The Revival of the Church and Polish Identity after 199
After the war the church was still in place for some time. Later on the priests left, they must have scared them and they were afraid of their lives. Then, the people said masses on their own, and the church existed by 1949. At the church there was a paper warehouse. They completed that printing house and there was a paper warehouse. They destroyed altars, burnt [them]. There were elegant oaken benches, like in the church – they destroyed everything. They took some of them to the court, some of them somewhere else, and destroyed the rest of them. There was a museum of atheism; it was just before the return of the church, in 1987-88. They returned the church in 1989. The priest returned, and, in the early December, they returned the church. There was a lot of trouble with that giving back. At that time, the parishioners were writing letters but we didn’t get any answer. We chose a time, when one of the priests from Sambir were to go to the Holy Father; we wrote a letter and gave it through him. And then the Holy Father raised that question, how it was like with that giving back of the church. And then Gorbachev... A letter came from Moscow, I think, to give the church back. At first, they didn’t want to, didn’t know whom to give it back to, they wanted some money...They lost some money at that time to build that museum of atheism... There were such people among us who were engaged in that matter and said: You have destroyed more of our altars, benches, you have taken the organ somewhere to Georgia, how can you demand money for renovation then?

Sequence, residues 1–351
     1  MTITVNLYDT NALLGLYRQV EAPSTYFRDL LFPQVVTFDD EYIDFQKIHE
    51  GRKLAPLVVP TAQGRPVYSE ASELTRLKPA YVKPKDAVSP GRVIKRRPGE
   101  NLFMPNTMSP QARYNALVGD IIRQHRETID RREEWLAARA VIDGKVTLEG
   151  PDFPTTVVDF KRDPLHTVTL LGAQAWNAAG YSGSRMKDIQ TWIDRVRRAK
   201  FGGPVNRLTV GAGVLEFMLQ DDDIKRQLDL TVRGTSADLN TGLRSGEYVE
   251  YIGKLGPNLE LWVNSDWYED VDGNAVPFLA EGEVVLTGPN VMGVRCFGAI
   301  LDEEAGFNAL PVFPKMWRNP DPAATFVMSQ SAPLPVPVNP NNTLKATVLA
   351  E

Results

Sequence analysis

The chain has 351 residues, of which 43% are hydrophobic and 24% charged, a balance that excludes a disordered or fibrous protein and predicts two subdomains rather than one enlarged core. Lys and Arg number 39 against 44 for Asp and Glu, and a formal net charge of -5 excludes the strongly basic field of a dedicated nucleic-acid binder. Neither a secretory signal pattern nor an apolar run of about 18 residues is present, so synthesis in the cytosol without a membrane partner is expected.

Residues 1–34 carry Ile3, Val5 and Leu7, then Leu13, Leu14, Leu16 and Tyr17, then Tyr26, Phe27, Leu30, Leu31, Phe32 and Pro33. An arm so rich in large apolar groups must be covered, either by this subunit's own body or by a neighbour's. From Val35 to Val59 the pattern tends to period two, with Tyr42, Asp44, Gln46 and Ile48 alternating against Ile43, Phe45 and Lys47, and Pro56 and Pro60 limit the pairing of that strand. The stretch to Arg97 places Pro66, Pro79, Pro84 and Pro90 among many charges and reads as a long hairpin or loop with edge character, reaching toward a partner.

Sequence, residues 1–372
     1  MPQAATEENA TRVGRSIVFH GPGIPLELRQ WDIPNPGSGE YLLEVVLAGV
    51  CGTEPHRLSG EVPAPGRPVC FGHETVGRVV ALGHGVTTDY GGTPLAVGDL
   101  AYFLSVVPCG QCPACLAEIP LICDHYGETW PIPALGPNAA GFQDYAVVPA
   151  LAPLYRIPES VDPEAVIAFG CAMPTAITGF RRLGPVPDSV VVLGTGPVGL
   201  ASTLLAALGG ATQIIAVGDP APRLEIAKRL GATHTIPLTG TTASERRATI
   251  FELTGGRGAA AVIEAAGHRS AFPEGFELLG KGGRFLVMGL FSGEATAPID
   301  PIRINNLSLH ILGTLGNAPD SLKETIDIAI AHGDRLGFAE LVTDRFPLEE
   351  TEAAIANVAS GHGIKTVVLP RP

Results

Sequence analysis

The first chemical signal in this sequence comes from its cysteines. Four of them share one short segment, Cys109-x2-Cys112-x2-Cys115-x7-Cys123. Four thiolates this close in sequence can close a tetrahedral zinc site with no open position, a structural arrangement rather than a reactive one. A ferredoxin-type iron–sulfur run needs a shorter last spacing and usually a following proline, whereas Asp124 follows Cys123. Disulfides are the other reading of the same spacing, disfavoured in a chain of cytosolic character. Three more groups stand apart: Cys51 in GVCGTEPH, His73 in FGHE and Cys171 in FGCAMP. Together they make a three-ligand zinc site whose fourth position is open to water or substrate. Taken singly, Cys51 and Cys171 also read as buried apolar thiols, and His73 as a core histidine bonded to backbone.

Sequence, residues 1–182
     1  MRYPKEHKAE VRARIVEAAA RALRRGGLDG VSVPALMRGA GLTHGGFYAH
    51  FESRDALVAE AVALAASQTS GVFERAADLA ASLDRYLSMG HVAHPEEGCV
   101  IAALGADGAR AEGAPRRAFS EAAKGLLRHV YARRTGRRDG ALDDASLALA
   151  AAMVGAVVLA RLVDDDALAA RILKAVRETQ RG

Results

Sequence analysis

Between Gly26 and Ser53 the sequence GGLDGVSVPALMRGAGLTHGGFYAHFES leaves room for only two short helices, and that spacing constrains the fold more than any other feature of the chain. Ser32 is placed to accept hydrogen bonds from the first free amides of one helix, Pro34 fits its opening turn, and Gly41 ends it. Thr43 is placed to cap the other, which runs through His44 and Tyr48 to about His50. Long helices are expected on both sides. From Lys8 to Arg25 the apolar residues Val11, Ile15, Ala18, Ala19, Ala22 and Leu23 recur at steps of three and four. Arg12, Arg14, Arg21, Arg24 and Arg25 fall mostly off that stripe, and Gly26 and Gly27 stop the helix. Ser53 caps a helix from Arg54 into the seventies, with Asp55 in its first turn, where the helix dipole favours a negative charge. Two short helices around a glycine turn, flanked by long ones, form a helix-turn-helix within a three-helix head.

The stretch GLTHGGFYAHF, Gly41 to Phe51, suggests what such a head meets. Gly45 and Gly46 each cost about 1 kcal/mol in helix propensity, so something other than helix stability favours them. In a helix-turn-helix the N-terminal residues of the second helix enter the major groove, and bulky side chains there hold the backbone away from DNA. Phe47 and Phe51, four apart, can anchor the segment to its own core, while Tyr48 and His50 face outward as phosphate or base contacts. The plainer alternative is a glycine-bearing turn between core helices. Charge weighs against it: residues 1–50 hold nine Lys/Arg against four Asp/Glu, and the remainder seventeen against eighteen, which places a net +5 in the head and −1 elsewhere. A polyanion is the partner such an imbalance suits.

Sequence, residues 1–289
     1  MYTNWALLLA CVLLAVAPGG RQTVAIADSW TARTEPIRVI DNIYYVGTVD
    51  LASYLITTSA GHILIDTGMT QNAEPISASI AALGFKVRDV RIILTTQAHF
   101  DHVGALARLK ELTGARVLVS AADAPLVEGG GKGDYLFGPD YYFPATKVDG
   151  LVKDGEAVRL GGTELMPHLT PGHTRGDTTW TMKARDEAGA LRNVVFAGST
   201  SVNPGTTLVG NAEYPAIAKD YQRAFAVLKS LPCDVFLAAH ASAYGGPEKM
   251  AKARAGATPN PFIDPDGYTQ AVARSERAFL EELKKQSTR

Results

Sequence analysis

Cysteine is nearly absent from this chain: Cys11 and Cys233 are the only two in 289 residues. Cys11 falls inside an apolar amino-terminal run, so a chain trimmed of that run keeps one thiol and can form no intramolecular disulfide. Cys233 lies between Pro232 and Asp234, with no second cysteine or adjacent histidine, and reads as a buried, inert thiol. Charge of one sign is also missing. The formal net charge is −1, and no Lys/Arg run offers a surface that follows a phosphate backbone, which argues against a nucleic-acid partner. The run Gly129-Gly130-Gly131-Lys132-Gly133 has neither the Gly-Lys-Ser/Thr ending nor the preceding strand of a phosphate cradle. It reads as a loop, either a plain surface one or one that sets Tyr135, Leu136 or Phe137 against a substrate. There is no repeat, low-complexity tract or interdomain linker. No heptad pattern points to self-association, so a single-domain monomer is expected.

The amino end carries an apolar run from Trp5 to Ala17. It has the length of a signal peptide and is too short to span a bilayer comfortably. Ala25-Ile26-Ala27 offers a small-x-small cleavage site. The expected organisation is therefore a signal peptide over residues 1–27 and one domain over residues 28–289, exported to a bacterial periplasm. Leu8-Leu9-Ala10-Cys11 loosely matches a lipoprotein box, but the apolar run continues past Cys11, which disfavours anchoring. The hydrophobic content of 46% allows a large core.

Zdzisław Baran
dotyczy także: Kościół i życie religijne przed 1990 rokiem,